After a decade of an agreement to curb its nuclear program, Iran will need no time at all to produce an atomic bomb, Prime Minister Benjamin Netanyahu said on Wednesday.
Netanyahu spoke just one day after President Barack Obama made a similar statement in an interview with National Public Radio about the framework deal reached in Switzerland last week between Iran and six world powers, including the US.
“Israel shares the view that upon the expiration of the nuclear agreement with Iran [or after the first decade] the latter’s breakout time to achieve nuclear weapons will be zero,” Netanyahu said.
“This will be the inevitable result of the automatic lifting of the restrictions [on its nuclear program], which would enable Iran to achieve an industrial-grade production capability,” he said.
Since the details of the framework agreement became clear, he has spoken out repeatedly against it and urged the six world powers to continue with the sanctions regime, until a better agreement can be reached with Iran.
“The alternative to this bad agreement is not war but a good agreement, which can be achieved. But to do this, we have to stand firm and insist on the terms that will secure the safety of Israel, the region, and the world,” he said in a statement issued while touring the Negev during the Passover holiday.
The US State Department and Israel believe Iran now has a breakout time of two to three months, which is the amount of time it would take for it to be ready to produce a nuclear weapon.
A fact sheet initially put out by the State Department at the end of last week explaining the terms of the deal stated: “That timeline will be extended to at least one year, for a duration of at least 10 years, under this framework.”
However, when the fact sheet referred to a one-year breakout, it meant only the first decade of the framework agreement – which is supposed to last for 25 years.
Obama himself told NPR on Tuesday that the breakout time could drop down to zero after 13 to 15 years, due to the easing of some restrictions in the agreement.
“What is a more relevant fear would be that in year 13, 14, 15, they have advanced centrifuges that enrich uranium fairly rapidly, and at that point the breakout times would have shrunk almost down to zero,” Obama said.
State Department spokeswoman Marie Harf almost immediately tried to walk that comment back. She told reporters in Washington that the words were “a little mixed up” and that Obama was in a hypothetical way “referring to a scenario in which there was no deal.”
She herself later linked the one-year breakout time to the first decade of the deal.
“We’ve said, we needed to get to a year breakout – up to – at least a year breakout time for at least 10 years,” Harf said, adding that what happens afterward is still under negotiation.
Obama himself was pretty clear in the interview that he was referencing changes in the deal that would occur at the latest by the 15th year. He put a positive spin on it, by explaining that the deal bought the region a 15-year insurance policy against a nuclear armed Iran.
At that time, he said, the international community would also be in a much better position to combat any effort by Iran to develop nuclear weapons.
“And then in years 13 and 14, it is possible that those breakout times would have been much shorter, but at that point we have much better ideas about what it is that their program involves. We have much more insight into their capabilities,” Obama said.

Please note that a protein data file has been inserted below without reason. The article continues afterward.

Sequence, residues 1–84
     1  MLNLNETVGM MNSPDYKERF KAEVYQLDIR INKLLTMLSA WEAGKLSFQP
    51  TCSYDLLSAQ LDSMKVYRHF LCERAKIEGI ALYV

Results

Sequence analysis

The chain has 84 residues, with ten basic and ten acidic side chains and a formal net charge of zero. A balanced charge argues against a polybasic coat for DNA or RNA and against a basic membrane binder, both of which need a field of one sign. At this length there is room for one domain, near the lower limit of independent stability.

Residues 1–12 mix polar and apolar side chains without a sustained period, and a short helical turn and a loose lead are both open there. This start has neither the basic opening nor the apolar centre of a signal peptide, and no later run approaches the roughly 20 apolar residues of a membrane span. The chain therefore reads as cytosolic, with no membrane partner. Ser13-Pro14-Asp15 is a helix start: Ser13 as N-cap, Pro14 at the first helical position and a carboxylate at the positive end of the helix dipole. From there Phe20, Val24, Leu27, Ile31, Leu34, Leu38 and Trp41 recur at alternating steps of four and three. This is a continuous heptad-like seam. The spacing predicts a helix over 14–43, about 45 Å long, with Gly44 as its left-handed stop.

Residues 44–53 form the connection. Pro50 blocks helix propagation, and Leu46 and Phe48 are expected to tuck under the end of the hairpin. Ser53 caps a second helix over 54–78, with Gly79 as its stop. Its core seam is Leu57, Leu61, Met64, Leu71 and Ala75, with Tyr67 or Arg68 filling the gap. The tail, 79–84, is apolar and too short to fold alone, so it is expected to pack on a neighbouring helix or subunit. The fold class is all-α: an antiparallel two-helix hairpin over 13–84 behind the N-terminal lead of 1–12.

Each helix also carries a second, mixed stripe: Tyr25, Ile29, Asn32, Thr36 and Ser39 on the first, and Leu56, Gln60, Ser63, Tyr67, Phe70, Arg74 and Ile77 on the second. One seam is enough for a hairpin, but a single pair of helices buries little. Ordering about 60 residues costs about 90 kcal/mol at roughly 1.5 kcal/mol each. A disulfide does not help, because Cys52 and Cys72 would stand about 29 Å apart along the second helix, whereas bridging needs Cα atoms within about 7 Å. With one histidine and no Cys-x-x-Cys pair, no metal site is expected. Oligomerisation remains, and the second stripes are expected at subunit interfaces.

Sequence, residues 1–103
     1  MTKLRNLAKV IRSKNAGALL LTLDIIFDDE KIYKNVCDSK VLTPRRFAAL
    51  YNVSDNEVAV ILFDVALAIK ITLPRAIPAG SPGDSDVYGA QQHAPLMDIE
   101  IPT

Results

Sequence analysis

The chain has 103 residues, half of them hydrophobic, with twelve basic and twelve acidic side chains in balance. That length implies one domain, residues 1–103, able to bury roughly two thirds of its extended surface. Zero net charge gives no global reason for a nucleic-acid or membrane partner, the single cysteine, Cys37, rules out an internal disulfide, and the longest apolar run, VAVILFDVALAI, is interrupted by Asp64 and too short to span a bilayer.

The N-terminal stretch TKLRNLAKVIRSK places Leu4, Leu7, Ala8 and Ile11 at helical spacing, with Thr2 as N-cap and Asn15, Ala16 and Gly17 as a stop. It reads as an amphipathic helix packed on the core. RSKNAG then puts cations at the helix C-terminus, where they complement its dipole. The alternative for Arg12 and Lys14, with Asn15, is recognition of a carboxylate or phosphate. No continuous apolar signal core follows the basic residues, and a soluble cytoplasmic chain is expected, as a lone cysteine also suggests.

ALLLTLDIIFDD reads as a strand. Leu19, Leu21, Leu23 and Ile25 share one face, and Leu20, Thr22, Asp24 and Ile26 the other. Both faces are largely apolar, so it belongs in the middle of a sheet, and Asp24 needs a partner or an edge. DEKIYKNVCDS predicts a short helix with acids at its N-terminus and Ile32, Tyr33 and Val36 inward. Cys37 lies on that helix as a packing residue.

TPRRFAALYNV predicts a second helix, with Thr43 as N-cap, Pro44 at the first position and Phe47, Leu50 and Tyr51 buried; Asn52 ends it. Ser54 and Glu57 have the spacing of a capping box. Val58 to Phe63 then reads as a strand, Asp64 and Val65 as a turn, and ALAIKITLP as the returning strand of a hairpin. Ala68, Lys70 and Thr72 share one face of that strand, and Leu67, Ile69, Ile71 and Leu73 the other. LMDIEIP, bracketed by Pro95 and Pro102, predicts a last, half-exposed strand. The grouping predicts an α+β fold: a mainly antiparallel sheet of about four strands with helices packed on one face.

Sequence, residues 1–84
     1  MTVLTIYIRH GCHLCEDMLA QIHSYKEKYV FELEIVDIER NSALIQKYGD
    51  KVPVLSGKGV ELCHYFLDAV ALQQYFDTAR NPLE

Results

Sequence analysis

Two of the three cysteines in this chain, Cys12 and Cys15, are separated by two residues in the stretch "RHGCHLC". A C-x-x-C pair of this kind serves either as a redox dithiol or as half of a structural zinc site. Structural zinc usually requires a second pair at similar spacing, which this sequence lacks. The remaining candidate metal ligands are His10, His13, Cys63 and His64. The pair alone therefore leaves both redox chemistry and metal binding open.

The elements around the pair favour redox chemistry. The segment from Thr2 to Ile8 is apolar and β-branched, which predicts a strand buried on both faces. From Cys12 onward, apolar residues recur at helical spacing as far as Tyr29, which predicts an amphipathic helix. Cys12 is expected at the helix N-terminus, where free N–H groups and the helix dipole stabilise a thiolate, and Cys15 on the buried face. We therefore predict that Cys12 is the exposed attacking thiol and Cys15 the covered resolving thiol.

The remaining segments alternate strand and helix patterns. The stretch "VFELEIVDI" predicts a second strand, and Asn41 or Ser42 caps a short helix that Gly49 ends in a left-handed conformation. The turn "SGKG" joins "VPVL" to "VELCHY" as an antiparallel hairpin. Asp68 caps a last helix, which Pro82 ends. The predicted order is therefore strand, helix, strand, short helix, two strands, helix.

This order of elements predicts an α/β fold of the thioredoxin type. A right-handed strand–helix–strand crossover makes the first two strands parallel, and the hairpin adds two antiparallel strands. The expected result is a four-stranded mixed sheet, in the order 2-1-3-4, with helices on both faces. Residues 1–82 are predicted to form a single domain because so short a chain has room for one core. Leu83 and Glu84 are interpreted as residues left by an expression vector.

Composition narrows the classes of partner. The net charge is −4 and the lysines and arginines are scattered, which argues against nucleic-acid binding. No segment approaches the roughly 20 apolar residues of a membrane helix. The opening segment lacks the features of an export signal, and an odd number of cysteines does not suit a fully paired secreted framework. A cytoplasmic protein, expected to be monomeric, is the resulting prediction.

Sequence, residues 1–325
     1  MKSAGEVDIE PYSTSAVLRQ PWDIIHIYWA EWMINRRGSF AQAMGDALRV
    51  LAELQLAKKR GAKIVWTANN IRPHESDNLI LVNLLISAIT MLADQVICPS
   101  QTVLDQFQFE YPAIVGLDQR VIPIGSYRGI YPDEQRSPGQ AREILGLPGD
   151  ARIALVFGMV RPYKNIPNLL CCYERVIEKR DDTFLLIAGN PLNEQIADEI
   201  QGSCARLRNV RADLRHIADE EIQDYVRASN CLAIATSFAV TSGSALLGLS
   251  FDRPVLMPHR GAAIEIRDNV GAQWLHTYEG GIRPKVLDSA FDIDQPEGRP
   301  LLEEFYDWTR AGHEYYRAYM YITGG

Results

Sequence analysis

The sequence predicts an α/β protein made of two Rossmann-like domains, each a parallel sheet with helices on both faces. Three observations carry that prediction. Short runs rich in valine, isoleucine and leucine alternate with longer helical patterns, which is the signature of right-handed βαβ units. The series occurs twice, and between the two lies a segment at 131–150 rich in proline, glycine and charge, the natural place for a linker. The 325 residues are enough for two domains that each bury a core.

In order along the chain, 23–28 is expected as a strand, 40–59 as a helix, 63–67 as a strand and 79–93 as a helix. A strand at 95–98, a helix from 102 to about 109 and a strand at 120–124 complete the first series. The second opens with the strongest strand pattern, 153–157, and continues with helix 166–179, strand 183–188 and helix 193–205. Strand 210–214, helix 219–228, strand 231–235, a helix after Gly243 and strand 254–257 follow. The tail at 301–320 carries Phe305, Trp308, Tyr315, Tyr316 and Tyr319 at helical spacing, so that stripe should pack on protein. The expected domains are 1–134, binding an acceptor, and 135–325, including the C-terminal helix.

A senior US official further clarified on Wednesday that for a 15-year period, Iran would be subject to very strict restrictions.
“For instance, it cannot build new enrichment facilities or increase its enriched uranium stockpile,” the official said. “And inspections and transparency measures will continue well beyond 15 years – some for 25 years – with others lasting forever.”
But already on Tuesday, Strategic Affairs Minister Yuval Steinitz warned that the terms of the deal could in fact shorten Iran’s breakout time to less than two or three months, because it would be allowed to continue to do research and development work on advanced centrifuges that would significantly speed up its ability to produce the enriched uranium needed to build an atomic weapon.
Netanyahu has warned about this zero breakout time after the first decade of the agreement since last month, when he spoke against the Iran deal before a joint session of Congress.
During that congressional address he predicted that, after a decade, the breakout time for Iran to produce a nuclear weapon would be zero.
“Iran could get to the bomb by keeping the deal. Because virtually all the restrictions on Iran’s nuclear program will automatically expire in about a decade,” Netanyahu said. “A decade may seem like a long time in political life, but it’s the blink of an eye in the life of a nation. It’s the blink of an eye in the lives of our children.”
A decade from now, he said, the sanctions against Iran would have been lifted and it would be “free to build a huge nuclear capacity that could produce many, many nuclear bombs.”
At that point, he warned, “Iran could make the fuel for an entire nuclear arsenal in a matter of weeks, once it makes that decision.
“My longtime friend, John Kerry, the secretary of state, confirmed last week that Iran could legitimately possess that massive centrifuge capacity when the deal expires,” Netanyahu said.
“Now I want you to think about that,” he told Congress. “The foremost sponsor of global terrorism could be weeks away from having enough enriched uranium for an entire arsenal of nuclear weapons, and this with full international legitimacy.”